How Wines Age: The Unexpected Ovada
- Written by Diana Zahuranec
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Not all red wines have the capacity to age well, and those that do can be difficult to drink when young. But a grape that traditionally makes young wines, Dolcetto, has proven not only to be wonderful when drunk young, but also to have the capacity to age for a significant amount of time when it comes from Ovada in the Monferrato.
Young versus old
Over 90% of red wine produced in the world is made to be drunk young, while less than 1 percent of the world’s wine is made to be aged for more than 5 years. Piemonte, like any well-rounded wine region, has excellent bottles of both.
Of course, when speaking of aged wines, the first two that come to mind are Piemonte’s most famous: Barolo and Barbaresco. These noble wines are best drunk aged, and whether that’s five or fifteen years depends on the vintage, producer, and many other factors. But, you can be sure that if you drink a two-year old Barbaresco or a three-year old Barolo (the youngest they can legally be released), they will probably feel harsh or aggressive.
The bulk of red wine produced in Piemonte is meant to be drunk young. Two classic Piemontese examples are Barbera and Dolcetto. Leaving these wines to age too long will only cause them to go flabby – unless, of course, we’re talking about Dolcetto d'Ovada.
What makes a wine age-worthy?
Many scientific factors go into explaining this, but the most important ones are the grape variety, where it grows, the vintage, and how the winemaker handles the grapes. All of these play together to create the levels of tannins (and other phenols), acidity, and sugar – and the ratio of water to these elements. It is the interplay and balance of all of these that determines a wine’s capacity to age.
Tannins are found in grape skins, and so the tannic level in a grape depends in part on variety. However, the soil plays a part in this, too: with a nutrient-rich soil, a grape will develop less tannins; in hardscrabble, nutrient-poor soil that forces the vine to reach its roots deeper into the earth, the grapes will give wine a more powerful tannic structure. A more powerful tannic structure means the wine has a better aging potential, but only in respect to the above-mentioned factors.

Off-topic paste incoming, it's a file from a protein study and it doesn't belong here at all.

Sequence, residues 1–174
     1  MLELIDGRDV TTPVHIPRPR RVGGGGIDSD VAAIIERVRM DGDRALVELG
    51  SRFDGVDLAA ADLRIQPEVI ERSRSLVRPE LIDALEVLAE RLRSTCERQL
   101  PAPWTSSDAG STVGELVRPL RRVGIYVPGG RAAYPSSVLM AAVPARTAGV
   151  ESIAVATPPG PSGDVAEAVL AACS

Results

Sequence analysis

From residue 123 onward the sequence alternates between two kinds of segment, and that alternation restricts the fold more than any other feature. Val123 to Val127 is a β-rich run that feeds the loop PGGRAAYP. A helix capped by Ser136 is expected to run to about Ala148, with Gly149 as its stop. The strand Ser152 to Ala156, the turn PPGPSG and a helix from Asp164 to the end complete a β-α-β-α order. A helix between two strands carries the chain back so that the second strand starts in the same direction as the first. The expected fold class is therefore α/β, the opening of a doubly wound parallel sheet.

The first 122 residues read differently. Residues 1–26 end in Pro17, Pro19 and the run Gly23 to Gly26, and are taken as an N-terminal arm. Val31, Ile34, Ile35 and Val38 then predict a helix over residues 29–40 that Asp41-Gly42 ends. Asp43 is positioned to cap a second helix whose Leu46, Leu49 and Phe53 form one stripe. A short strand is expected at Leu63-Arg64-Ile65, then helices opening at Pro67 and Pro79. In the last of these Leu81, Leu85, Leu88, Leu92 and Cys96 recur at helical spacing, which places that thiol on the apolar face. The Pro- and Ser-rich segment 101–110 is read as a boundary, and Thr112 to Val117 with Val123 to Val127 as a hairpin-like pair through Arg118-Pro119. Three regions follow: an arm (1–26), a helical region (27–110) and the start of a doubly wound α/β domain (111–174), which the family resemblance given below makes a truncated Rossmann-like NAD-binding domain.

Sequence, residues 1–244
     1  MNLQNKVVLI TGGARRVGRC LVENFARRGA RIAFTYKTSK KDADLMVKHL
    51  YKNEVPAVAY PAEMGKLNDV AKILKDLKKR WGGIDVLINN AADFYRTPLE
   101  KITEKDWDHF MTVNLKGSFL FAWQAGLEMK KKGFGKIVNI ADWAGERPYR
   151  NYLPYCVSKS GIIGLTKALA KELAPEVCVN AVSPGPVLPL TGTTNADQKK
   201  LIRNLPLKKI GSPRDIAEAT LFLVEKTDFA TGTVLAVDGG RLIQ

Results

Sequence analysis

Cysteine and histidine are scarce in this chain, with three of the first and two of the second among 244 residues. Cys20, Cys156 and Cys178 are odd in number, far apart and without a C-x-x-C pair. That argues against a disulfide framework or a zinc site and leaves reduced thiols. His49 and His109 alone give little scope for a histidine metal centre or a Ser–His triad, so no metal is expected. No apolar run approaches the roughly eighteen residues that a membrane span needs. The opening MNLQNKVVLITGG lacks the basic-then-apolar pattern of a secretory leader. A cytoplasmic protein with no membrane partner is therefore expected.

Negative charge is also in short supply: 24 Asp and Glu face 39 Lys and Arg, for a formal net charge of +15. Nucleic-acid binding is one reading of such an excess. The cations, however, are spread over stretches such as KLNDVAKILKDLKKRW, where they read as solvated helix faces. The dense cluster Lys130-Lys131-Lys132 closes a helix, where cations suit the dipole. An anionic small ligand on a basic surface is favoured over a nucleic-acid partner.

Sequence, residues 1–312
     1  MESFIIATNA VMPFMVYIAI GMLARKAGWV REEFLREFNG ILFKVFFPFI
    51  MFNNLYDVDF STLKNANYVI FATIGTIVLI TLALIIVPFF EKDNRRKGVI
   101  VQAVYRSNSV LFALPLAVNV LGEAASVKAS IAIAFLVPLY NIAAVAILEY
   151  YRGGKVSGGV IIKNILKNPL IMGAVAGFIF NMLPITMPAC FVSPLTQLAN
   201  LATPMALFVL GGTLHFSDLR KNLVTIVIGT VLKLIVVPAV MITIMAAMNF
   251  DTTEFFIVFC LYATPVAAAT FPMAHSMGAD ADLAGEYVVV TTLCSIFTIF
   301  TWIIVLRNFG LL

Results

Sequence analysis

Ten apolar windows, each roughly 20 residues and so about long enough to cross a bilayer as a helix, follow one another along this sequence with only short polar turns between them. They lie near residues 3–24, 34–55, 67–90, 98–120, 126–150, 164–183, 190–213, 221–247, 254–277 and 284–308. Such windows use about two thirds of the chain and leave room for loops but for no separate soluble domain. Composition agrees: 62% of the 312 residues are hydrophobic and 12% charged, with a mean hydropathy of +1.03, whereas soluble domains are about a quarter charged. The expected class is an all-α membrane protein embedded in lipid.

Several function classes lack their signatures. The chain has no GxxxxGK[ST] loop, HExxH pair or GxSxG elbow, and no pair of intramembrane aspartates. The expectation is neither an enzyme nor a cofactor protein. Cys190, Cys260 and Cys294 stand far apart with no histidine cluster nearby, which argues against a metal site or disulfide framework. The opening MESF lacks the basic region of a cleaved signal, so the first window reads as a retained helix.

Why Dolcetto d’Ovada can age
Dolcetto grapes grown in the Ovada zone develops a different structure than Dolcetto grown elsewhere, such as Alba or Asti. And it is this structure, which comes from the earth and from the cellar, that allows it to age for much longer than any other Dolcetto. Specifically, its incredible, bright acidity has a strength and a staying power that gives older Dolcetto d’Ovada – 10 or even 20 years old – their fresh, vibrant quality for which this variety is known and appreciated.
What are Dolcetto's top 3 territories in Piemonte for its best expression?
→ A Mini Guide to Dolcetto
Dolcetto is usually a wine high in tannins but low in acidity (while Barbera is the opposite with high acidity and little to no tannic structure). Returning to our earlier example of age-worthy wines, Nebbiolo has a higher acidity level than Dolcetto; but Dolcetto grapes that are grown in Ovada soils develop this higher level of acidity. Remember, it’s the ratio of tannins, acidity, and sugar to water in a grape that creates a solid base for an age-worthy wine.
It’s time to taste Ovada!
The Consortium for the Protection of Ovada DOCG (Consorzio di Tutela dell’Ovada DOCG) together with Giuseppe Martelli of Enoteca Quartino di Vino held a vertical wine tasting called “It’s Time for Ovada” (E’ tempo per Ovada: Condividi) in late January to demonstrate the aging potential of this area’s wine. Giuseppe hosted the tasting in his enoteca’s old, stone cellars, where we tasted 14 wines. Each wine was a different vintage spanning 1985-2010 and coming from a different producer (some no longer existing). The wines represented 11 townships out of the 22 that comprise the Ovada denomination.